Annual spending on transmission cables will need to reach $820 billion by 2030 to support the global transition to renewable energy.
- A substantial increase in spending on transmission and distribution infrastructure is needed in order to meet net zero goals.
- Grid infrastructure is vital in ensuring that renewable energy sources can provide a resilient power supply.
- Governments will struggle to include infrastructure costs within their energy transition budgets, but doing so will help drive economic growth in areas that need it most.
The International Energy Agency (IEA) has identified a poorly acknowledged challenge to the expansion of renewable energy as the world seeks to reach net zero by 2050.
According to its analysis, the necessary build out of renewable capacity would require global spending on transmission and distribution infrastructure to reach $820 billion per year by 2030, more than triple the current level of $260 billion.
Extreme weather increases need for interconnected grids
In the state of Texas, competitive renewable energy zones (CREZ) were developed to transmit wind power from its source to its point of use. Completed in 2013, the CREZ project consisted of 3,500 miles of transmission lines, capable of carrying 18.5 GW of power.
As a result, Texas has been able to secure 29% of its energy requirements from renewable sources. It does not, however, have any connection to power networks in other US states.
Its avoidance of interstate connectivity has allowed Texas to maintain an independent power grid, free from the regulatory oversight of the US Federal Energy Regulatory Commission. It has also, however, exposed weaknesses in the state grids capacity to provide a reliable power supply during periods of extreme temperature conditions.
During the summer of 2022, for example, high temperatures led six of the state’s utilities to go offline. ERCOT, the operator of Texas’ main power grid, had to ask consumers to limit their energy usage in response. On another occasion in February 2021, cold temperatures caused power outages that led to more than half of the state’s natural gas pipeline shutting down.
The Texas case study highlights a prime example of how extreme weather events, which are becoming increasingly frequent due to climate change, make the case for an increase in infrastructural spending all the more urgent. To improve its energy security, the state will have to invest a significant amount of capital in updating its infrastructure.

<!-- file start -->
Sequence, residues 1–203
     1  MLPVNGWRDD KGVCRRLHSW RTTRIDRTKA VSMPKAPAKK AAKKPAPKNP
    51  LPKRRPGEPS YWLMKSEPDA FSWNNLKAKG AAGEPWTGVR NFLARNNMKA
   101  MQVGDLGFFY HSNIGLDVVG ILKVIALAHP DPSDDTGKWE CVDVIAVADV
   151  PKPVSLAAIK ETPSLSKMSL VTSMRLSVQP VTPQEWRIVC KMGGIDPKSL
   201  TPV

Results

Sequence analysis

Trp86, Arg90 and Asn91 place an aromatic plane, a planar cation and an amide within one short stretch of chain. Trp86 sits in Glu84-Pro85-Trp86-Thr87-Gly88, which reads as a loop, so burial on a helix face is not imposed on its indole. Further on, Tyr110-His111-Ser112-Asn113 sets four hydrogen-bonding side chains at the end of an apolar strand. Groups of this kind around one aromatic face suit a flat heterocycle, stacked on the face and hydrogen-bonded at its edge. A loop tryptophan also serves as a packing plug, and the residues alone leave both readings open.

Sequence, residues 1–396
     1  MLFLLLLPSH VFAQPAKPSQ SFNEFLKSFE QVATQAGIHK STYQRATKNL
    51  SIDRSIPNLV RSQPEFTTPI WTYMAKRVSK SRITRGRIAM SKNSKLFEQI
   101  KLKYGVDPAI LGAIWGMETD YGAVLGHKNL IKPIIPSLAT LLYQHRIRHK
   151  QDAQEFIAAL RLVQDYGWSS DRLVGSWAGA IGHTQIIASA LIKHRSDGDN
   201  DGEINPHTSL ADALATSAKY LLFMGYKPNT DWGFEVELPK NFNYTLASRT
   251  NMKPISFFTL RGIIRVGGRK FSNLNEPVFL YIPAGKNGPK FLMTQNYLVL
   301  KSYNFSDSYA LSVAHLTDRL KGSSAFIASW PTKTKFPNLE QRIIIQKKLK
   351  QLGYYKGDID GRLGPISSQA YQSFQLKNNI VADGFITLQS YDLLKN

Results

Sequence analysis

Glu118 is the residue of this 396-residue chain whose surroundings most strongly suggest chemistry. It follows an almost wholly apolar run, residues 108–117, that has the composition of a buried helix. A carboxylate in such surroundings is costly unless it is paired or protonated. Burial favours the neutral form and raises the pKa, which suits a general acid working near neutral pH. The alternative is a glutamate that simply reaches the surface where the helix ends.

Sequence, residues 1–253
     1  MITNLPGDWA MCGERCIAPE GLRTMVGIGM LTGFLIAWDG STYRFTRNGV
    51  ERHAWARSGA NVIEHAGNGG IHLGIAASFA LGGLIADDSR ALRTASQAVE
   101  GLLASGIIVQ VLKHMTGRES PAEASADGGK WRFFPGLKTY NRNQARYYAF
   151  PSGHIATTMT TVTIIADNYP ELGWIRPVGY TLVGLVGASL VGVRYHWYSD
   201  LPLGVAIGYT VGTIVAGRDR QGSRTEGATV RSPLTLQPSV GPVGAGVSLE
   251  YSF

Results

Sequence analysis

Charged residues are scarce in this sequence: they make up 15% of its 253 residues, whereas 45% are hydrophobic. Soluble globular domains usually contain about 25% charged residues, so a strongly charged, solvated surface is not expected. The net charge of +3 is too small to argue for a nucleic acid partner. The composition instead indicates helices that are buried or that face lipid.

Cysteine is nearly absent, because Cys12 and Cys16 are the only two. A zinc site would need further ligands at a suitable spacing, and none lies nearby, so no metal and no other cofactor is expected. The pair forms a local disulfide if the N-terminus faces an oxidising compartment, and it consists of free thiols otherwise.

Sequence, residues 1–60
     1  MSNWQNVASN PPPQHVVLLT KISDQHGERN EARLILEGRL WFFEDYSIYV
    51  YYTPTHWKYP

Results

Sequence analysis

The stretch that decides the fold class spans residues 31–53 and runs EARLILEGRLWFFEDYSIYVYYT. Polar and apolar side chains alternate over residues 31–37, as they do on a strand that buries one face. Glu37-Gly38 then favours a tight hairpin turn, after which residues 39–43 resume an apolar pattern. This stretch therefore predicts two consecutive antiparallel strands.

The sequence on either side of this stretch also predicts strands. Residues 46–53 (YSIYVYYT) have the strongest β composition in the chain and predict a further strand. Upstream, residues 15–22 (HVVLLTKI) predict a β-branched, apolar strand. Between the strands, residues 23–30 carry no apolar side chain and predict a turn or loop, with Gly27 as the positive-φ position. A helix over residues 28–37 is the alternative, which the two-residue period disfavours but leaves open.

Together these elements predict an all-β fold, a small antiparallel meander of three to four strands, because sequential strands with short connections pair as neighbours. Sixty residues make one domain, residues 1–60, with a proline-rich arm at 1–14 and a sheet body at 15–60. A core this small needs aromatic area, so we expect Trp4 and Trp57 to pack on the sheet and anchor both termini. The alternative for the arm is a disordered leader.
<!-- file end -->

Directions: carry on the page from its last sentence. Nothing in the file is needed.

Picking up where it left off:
Challenges to the expansion of infrastructure
In addition to the challenge of securing investment, developers of renewable energy infrastructure will need to gain the support of local communities in targeted areas.
In the UK, for example, there is a need for increased generation to replace the 5-10% of electricity provided by the EU. Plans to strengthen energy security by building 50GW of offshore wind by 2030 have seen opposition from locals.
Many residents living onshore near planned installations are opposed to the development of the necessary cabling infrastructure. This has led to alternative transmission routes being proposed, demanding longer cables at a significant increase in cost.
Demand for renewable energy provides a boost to cables producers
Although the need for infrastructure development is undoubtedly a cause for concern, it has its upside in enabling sustainable economic growth for those involved in its deployment.
Cable producers, for example, will see a substantial rise in demand. In the US, the National Renewable Energy Laboratory (NREL) has estimated that the US will need 11,000 km of cabling to meet its targeted offshore wind capacity.
Infrastructure development will also create job opportunities, particularly in isolated locations where unemployment is rife.
Governments around the world will need to factor the cost of building out transmission and distribution infrastructure into their national budgets, but such investment could also be used to drive economic growth in areas that need it most.